Illnesses are contagious.
We all know this, but while the frame on the bed grows ever smaller, sometimes the faces of the grieving grow gaunt as well. In Lauren Catlett’s poem “Thinner,” she recounts the decay of a healthy human body into nothing more than skin and bones under a hospital gown. The stark difference between the two pounds in her mind is evident. “Tears, mine, thinner now that time has passed, wash away the picture of you, thinner than when I saw you last” she says.
And somehow – though the faces might be different in our own minds – we know exactly what she’s talking about. We all know what that looks like.
My poem “NSCLC” touches on the same phenomenon, from a slightly different perspective. While Catlett’s poem focuses on the degeneration of the patient, I probe into the cracking façade of the partner at the bedside.
Cancer can take someone away in months. Once they’re gone, friends and family rally around the survivor with food and flowers and hollow encouragement. And this physically alive person has a couple weeks to wallow before everyone else starts to wonder when they will get over it, when they start smiling again, when breathing doesn’t hurt so much. How ironic that the illness that took our lover away often manifests it’s symptoms in grief. We know this too.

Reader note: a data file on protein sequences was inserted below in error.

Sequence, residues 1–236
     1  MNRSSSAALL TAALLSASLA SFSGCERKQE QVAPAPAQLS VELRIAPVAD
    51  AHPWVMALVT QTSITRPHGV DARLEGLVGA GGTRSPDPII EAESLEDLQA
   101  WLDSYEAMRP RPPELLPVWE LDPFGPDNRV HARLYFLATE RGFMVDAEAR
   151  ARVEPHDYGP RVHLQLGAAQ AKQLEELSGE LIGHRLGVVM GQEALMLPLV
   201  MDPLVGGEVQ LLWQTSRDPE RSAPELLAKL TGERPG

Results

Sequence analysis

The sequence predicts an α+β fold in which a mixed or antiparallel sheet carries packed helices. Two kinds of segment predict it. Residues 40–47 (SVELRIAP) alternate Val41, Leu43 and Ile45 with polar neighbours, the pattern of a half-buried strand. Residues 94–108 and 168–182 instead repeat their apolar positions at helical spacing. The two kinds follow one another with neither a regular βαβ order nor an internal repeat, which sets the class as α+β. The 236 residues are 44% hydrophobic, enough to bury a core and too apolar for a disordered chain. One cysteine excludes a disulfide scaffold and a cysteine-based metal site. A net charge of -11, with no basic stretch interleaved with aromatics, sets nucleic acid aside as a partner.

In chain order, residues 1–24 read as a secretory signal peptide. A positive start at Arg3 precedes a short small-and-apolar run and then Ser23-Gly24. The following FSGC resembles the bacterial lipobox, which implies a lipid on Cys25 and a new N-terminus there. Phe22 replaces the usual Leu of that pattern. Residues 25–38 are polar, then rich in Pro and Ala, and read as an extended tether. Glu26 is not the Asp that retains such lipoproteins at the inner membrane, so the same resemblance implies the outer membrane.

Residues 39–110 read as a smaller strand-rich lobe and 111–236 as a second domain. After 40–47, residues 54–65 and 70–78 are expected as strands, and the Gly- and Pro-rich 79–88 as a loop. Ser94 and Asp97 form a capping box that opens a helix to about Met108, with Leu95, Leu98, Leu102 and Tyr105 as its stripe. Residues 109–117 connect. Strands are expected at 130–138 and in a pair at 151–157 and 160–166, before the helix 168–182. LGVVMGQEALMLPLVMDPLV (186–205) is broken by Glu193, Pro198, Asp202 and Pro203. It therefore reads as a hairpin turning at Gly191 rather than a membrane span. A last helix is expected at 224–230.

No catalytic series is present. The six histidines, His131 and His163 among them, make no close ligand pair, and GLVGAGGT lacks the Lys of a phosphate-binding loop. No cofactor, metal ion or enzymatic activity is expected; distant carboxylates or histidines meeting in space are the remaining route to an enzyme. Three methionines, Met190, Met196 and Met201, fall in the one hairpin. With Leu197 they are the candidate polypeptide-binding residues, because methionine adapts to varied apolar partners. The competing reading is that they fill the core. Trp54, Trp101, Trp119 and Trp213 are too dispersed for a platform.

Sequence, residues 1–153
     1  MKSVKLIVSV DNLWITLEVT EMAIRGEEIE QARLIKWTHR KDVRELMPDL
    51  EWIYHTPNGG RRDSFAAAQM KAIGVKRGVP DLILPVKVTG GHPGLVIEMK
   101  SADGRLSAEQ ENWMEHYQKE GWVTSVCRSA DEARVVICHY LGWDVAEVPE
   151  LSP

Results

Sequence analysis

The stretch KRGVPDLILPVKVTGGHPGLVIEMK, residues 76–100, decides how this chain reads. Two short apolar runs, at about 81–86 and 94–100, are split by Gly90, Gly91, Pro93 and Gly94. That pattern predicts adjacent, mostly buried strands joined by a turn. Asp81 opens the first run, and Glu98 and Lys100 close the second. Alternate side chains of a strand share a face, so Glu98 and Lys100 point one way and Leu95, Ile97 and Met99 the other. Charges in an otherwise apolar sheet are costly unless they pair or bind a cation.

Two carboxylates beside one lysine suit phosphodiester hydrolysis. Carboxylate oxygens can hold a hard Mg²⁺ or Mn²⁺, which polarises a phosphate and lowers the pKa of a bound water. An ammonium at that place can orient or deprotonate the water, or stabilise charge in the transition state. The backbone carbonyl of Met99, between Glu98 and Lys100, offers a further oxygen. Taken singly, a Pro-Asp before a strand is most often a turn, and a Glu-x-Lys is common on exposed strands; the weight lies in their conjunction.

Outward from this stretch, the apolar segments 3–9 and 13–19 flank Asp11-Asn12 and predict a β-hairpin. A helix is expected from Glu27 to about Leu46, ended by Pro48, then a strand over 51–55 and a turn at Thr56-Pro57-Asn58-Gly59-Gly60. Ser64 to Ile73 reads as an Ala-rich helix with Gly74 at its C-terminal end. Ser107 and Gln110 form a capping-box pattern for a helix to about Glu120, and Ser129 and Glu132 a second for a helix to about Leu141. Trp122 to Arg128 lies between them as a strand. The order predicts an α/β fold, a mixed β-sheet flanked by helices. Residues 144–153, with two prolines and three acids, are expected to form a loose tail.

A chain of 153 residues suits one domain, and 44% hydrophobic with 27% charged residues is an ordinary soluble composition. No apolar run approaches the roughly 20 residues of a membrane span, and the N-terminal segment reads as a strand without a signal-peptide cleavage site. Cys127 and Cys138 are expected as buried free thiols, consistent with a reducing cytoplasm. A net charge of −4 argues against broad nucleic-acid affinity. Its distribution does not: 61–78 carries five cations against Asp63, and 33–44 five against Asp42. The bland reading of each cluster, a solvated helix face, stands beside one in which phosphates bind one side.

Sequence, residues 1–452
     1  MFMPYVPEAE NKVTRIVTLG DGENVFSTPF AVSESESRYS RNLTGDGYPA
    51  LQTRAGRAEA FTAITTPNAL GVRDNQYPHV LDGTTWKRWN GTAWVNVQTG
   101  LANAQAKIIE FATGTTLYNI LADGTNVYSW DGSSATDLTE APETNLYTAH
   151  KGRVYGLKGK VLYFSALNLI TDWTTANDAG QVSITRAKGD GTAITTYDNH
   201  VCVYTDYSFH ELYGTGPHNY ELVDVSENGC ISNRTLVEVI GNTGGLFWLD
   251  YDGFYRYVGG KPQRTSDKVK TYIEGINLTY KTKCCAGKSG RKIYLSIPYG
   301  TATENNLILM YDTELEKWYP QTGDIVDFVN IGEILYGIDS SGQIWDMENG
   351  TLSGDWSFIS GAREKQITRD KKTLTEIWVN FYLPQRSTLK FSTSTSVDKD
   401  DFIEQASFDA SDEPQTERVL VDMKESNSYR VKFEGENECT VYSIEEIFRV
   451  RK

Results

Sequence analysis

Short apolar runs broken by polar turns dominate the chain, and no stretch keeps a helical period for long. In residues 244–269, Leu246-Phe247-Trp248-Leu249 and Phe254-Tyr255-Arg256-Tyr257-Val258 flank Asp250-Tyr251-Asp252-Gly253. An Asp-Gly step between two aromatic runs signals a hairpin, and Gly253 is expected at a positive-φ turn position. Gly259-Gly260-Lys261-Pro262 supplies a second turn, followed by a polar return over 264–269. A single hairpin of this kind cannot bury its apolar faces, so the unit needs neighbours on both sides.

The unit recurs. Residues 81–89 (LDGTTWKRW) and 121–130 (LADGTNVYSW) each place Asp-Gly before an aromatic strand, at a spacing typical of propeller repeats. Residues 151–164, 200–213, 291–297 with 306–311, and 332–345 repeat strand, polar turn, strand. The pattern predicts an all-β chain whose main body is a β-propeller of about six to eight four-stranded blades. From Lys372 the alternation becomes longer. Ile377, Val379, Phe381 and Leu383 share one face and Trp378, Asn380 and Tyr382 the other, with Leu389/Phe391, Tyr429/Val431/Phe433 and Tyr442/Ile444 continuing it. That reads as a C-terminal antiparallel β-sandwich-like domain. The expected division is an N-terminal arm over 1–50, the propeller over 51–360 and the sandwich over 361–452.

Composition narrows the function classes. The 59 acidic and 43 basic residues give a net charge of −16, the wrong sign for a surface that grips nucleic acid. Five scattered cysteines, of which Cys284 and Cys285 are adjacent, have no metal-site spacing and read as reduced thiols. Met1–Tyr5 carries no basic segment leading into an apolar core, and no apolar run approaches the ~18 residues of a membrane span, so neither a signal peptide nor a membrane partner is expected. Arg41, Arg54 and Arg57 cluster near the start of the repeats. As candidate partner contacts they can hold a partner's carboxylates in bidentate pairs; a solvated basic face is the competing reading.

But as Catlett and I both point out, sometimes grief is a cancer that stretches the skin a little too tightly over bones that are a little too weak and forces a smile that is a little too thin.
And since you’re still reading this, something tells me that you know this too.
Sydney Sheltz-Kempf is a Medical Technologist at Covance Central Laboratory Services where she performs genotyping assays and companion diagnostic testing. Her previous work in Literary Darwinist criticism as applied to "The Count of Monte Cristo" was published in Purdue University's Journal of Undergraduate Research in 2015. An aspiring PhD student, she has presented her research on Segregation Distortion’s role in spermatogenesis in Drosophila melanogaster at Butler University's Undergraduate Research Conference in 2016. A previous poetry chapbook (which also serves as her memoir) is scheduled to be published by The Poet's Haven in Spring 2018.
© 2017 Intima: A Journal of Narrative Medicine